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Discussion in 'Pentax Chat' started by Dave_Cox, Dec 12, 2007.

  1. Dave_Cox

    Dave_Cox Well-Known Member

    Just ordered one of these 16mm f2.8 semi-fisheye lenses to use on my K10 as a wideangle. Any distortion can be cured on the PC if I want a 'straight' shot. The write-up looks good, but has anybody else actually tried one?
  2. johnriley1uk

    johnriley1uk Well-Known Member

    I'll be very interested to know if you can anywhere near correct fisheye "distortion" with software. I find it difficult to believe that it's possible and would guess all sorts of other gremlins would creep in as the correction became more extreme.
  3. Dave_Cox

    Dave_Cox Well-Known Member

    I'll have to wait and see. As there's the 1.6 crop factor to take into account then I won't get the full fisheye effect. Some US reviewers say that it'll be more like an extreme wide-angle than fisheye on a digital.The 16mm will become a 25mm (equivalent)
  4. Monobod

    Monobod Phantom of the forum

    I get no distortion from my Sigma 17-70mm lens at 17mm (24mm equivalent) so you should be ok.
  5. Benchista

    Benchista Which Tyler

    That's a very different animal. A fisheye lens has none of the corrections to produce rectillinear images, so in itself produces huge distortion. That still applies on APS-C when the diagonal angle of view is nowhere near 180 degrees - there's still significant distortion. It's not quite as severe as on full-frame, given that the edges of the image aren't there, but it's nothing like what a rectillinear lens of a similar focal length would produce.
    "De-fishing" software attempts to correct that, and is remarkably successful in my experience - resolution is always a bit dodgy at the corners, which is inevitable given the lens design, I suppose, and perspective within the shot can be a little crazy, but it's generally a workable solution. I've not used this particular fisheye, but I have used both a Canon 15mm and a Mamiya-made Rollei QBM one on both APS-C and full-frame digital - to be honest, I'm personally a fan of this type of lens, so greatly appreciate the full-frame opportunity, but it certainly works on APS-C with corrective software.
  6. Monobod

    Monobod Phantom of the forum

    Ooops, missed the fisheye bit, sorry. Speed reading is not always best! :(
  7. johnriley1uk

    johnriley1uk Well-Known Member

    "As there's the 1.6 crop factor to take into account then I won't get the full fisheye effect."

    You would with the SMC Pentax-DA 10-17mm Fisheye Zoom. I've just bought one of these and am looking forward to some interesting effects.
  8. Zou

    Zou Well-Known Member

    Ah, but that is DA, so is designed to give fisheye on a DSLR, whereas the Zenitar wasn't made for smaller sensors.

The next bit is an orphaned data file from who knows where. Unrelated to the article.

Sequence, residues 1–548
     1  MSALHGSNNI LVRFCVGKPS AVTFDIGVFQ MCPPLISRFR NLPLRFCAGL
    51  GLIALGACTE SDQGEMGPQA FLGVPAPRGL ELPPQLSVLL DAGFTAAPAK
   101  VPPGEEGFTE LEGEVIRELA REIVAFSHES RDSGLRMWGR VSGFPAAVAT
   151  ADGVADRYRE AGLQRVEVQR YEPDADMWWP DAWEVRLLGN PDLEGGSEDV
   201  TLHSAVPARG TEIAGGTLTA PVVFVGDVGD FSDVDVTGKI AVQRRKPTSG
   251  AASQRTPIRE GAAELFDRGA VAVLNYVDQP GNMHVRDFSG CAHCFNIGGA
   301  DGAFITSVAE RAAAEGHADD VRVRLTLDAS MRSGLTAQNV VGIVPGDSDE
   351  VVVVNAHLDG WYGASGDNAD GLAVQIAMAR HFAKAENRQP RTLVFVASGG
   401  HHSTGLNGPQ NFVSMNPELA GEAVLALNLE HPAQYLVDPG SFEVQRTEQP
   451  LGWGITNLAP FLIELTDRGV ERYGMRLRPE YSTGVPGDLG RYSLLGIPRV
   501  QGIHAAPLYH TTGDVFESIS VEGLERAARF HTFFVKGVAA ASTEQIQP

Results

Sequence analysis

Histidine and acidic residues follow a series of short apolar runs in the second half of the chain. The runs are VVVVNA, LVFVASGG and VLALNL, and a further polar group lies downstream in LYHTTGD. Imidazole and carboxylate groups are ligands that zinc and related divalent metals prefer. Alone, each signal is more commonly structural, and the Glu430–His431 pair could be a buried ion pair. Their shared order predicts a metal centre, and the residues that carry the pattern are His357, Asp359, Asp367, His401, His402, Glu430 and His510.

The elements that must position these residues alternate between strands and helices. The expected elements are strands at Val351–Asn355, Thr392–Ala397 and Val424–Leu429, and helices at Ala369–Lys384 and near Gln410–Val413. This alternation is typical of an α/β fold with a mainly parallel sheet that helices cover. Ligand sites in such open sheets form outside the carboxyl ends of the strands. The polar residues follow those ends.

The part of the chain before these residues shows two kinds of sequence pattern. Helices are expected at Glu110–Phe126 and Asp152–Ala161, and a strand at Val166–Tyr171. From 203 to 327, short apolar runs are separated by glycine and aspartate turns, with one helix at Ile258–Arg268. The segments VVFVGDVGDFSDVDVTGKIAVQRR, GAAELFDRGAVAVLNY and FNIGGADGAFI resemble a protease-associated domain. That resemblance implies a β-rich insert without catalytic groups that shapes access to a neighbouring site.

9. johnriley1uk

    johnriley1uk Well-Known Member

  10. Zou

    Zou Well-Known Member


    The point was the Zenitar won't give the full fisheye look on a DSLR (see here for example), whereas the Pentax 10-17 will.
  11. johnriley1uk

    johnriley1uk Well-Known Member

    "The point was the Zenitar won't give the full fisheye look on a DSLR (see here for example), whereas the Pentax 10-17 will.

    Yes, I know, I was agreeing with you! :cool:
  12. Zou

    Zou Well-Known Member

    Don't mind me, I'm - a stressful day at work.
  13. Benchista

    Benchista Which Tyler

    Must say the Pentax fisheye zooms are a great idea IMHO.
  14. Dave_Cox

    Dave_Cox Well-Known Member

    I bought it as a wide-angle, so losing most of the fisheye effect is a bonus. Don't forget that I use my K10 (as I've stated often enough!!!) as a manual-focus only system, so my lovely 28mm f2.8 super-sharp Takumar is actually a 42mm; this will give me a near-enough 24mm for my architecture and landscape stuff.
  15. johnriley1uk

    johnriley1uk Well-Known Member

    They must sell well, because there was a film version - the 17-28mm Fisheye Zoom and now the 10-17mm for DSLRs is the same concept.

    As far as i know no other manufacturer does a similar lens. (The Tokina version of the Pentax lens excepted)
  16. Benchista

    Benchista Which Tyler

    Indeed so, John. I can't think why nobody has copied this idea.
  17. Iloca

    Iloca Well-Known Member

    Hi Dave,

    there's also the Peleng 8mm Fisheye (again designed for 35mm)

    See link Here

    Also check out the link page for more information including a little bit about the Zenitar.

    Here's another link dealing with the Zenitar 16mm including De-Fishing. See Here

    De-Fishing the Zenitar 16mm , Pentax *ist DS
  18. Done_rundleCams

    Done_rundleCams AP Forum Ambassador to Canada

    Morning Dave,

    I would go for it, although I agree with John and check out the FA 10-17 :) \
    which is, granted, a tad more expensive but you get all the fixin's :D plus a full 180 degree fisheye.

    And, just think of the nifty tyre shots you could get....heck, maybe you could even sell some (of the tyre pics) to Michelin for their next calender ;)

    Cheers (and hope your keyboards recovered :rolleyes:

  19. OleTj

    OleTj Member

    The Zenitar is a "pure" fisheye, so it should actually be EASIEr to correct in software than a wide-angle zoom - which is never 100% rectilinear.

    I'll have to try with mine one day. :)
  20. Dave_Cox

    Dave_Cox Well-Known Member

    Now got the lens, and first indications are that on the K10 there is no more distortion than with a super-wide on a 35mm camera. I've had to give it back to SWMBO to wrap up now, so further reports and trial shots after Christmas!

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